The Satterthwaite family had a black servant, Frances Elizabeth Johnson. Her grave bears one date, that of her baptism (baptism the only certain way to cease to be a slave). Her hand was cut off and preserved in the family, as a memento of her service, as the paw of a favourite dog was often preserved in that period. It was finally buried in 1997.
Gillows was a well-known Lancaster maker of high-quality furniture for 200 years. It was founded by Richard Gillow, who sailed as ship’s carpenter in a Satterthwaite slave ship, and returned with the first mahogany in 1720. As well as importing slave-produced mahogany, and selling furniture to the plantation owners and local slave traders, three-quarters of his ships and 40% of profits were from the slave trade: this was long concealed in the company accounts. His son, Robert designed one of Lancaster’s finest buildings, the Customs House, on the Quay, and continued the business.
After slavery was abolished across the British Empire in 1833, The Slavery Compensation Act 1837 paid £20 million – £2.4 billion at today’s prices, the largest ever government payout – to 40,000 owners of 800,000 slaves. Over a dozen local families benefited. The money fuelled the Railway Mania of 1840s as the beneficiaries sought replacement income.
But there are signs of change.
Research at the universities of Central Lancashire and Lancaster, led by Alan Rice and Imogen Tyler, is revealing more and more local detail.
In 2005, the Slave Trade Arts Memorial Project secured the commissioning of “Captured Africans” by Kevin Dalton Johnson, still the only quayside-located monument in UK to transported Africans, and a focus for ‘Black Lives Matter’ demonstrations.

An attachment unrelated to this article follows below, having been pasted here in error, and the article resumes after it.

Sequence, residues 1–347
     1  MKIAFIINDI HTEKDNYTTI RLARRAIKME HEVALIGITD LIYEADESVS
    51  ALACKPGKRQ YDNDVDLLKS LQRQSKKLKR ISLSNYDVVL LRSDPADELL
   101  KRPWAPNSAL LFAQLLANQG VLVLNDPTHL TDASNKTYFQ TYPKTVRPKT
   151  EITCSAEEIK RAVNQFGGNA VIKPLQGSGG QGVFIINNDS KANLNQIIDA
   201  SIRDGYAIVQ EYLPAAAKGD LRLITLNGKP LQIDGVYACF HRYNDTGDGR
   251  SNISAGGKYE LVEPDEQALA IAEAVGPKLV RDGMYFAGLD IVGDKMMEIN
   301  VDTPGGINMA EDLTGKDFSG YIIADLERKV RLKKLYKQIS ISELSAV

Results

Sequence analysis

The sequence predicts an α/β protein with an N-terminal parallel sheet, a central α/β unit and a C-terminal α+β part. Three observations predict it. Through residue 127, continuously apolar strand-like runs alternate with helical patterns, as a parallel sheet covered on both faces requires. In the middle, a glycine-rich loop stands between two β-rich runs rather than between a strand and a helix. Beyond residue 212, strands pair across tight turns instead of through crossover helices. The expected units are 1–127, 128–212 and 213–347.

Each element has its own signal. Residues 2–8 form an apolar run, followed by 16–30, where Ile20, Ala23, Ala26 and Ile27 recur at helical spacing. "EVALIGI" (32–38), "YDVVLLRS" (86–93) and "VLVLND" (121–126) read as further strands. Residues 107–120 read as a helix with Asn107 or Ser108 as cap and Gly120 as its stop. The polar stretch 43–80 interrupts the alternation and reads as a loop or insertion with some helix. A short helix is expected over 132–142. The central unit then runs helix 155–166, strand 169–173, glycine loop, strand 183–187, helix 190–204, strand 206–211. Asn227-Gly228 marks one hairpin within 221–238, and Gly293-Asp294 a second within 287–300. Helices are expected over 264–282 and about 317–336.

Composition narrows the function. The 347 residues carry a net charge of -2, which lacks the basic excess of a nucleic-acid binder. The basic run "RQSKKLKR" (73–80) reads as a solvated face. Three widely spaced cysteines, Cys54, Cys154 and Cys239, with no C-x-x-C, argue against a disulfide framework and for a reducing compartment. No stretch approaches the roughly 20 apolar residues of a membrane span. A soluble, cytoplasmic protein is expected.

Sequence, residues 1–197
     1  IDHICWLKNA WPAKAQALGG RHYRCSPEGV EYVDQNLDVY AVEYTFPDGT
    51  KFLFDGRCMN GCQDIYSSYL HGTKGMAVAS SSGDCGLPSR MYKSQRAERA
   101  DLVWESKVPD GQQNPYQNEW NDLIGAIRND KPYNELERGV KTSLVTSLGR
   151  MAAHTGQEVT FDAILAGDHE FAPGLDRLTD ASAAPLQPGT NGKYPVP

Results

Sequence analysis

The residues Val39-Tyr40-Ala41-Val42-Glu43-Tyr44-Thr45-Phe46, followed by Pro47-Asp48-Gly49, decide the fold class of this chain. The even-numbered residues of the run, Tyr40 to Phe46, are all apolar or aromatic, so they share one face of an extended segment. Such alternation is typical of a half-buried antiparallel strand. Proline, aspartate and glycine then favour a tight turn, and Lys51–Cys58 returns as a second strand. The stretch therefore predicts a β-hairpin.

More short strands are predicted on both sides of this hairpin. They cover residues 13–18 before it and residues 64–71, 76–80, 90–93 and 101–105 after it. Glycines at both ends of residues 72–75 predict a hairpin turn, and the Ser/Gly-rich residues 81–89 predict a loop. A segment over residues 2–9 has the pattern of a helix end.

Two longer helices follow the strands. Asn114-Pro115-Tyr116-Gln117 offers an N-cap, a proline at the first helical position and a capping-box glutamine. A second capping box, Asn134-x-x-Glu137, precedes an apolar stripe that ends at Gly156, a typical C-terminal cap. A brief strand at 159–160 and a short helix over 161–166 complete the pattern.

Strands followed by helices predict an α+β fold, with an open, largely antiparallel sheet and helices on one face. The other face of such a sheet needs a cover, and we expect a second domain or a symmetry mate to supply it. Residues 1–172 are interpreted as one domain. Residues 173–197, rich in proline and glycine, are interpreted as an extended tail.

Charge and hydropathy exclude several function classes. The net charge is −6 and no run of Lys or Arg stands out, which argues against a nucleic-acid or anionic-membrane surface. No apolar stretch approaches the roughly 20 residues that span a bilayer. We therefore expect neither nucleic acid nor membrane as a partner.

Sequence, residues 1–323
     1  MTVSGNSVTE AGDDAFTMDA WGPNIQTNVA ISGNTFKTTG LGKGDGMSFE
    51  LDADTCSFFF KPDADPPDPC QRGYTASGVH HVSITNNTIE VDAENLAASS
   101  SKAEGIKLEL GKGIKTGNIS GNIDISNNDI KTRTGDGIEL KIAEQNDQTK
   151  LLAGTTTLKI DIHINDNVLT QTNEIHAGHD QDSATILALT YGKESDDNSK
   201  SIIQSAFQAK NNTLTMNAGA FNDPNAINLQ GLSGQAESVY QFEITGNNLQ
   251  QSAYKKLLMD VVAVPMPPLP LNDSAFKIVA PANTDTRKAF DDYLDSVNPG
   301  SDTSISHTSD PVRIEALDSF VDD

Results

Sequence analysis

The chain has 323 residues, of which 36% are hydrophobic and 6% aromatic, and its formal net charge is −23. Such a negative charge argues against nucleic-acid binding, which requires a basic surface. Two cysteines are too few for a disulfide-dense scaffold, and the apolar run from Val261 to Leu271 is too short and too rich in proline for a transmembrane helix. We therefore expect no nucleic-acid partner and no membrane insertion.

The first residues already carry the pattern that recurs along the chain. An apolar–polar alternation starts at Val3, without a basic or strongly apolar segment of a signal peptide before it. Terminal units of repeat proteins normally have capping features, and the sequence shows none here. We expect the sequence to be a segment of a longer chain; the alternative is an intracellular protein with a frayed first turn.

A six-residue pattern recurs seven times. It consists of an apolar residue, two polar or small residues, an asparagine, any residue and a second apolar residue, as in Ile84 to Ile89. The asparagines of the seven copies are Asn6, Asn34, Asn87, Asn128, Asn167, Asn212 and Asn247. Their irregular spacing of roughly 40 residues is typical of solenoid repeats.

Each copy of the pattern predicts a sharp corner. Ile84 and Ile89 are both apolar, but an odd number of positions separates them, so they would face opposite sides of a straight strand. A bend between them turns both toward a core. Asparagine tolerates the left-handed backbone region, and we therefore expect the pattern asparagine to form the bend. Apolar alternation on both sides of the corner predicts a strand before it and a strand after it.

The Rawlinson grave, the most elaborate in the Priory churchyard, was recently tagged ‘Slave Trader’. The vicar said that while he couldn’t approve the action, he acknowledged its truth, and the need for the church to be more open. (Clergy received an equivalent of £46m from the compensation payout.)
A “Slave Trade and Fair Trade Map of Lancaster” has been produced, and recently updated, giving a route from the past of slave trading to the future of fair trading.
The City Council, the Priory Church, and the local museums have promised to revisit their public spaces and displays to take better account of Lancaster and the slave trade.
Professor Tyler has connected the Lancaster Assizes sending branded and chained convicts to forced labour in the Caribbean and North America, with the slave and plantation system, the investments from slaving profits in child-exploiting cotton mills, and their use of slave-produced cotton.
And perhaps I have to continue the connections, to arrive at my personal responsibility: to the post-war mass-import of sub-continent workers to East Lancashire mills, then their abandonment when the industry was off-shored, resulting in racial tensions. And further, to exploitative third-world conditions producing clothes I buy without thought. Or to sweat-shops in Leicester, and the ‘fast-fashion’ of synthetic fabric clothes, effectively one-use plastics. And maybe I need to follow all such connections, to what I consume and how I live.
Note: Essential viewing is Britain’s Forgotten Slave Owners, David Olusoga’s brilliant account of the slave trade and the Compensation Act. Available on BBC iplayer.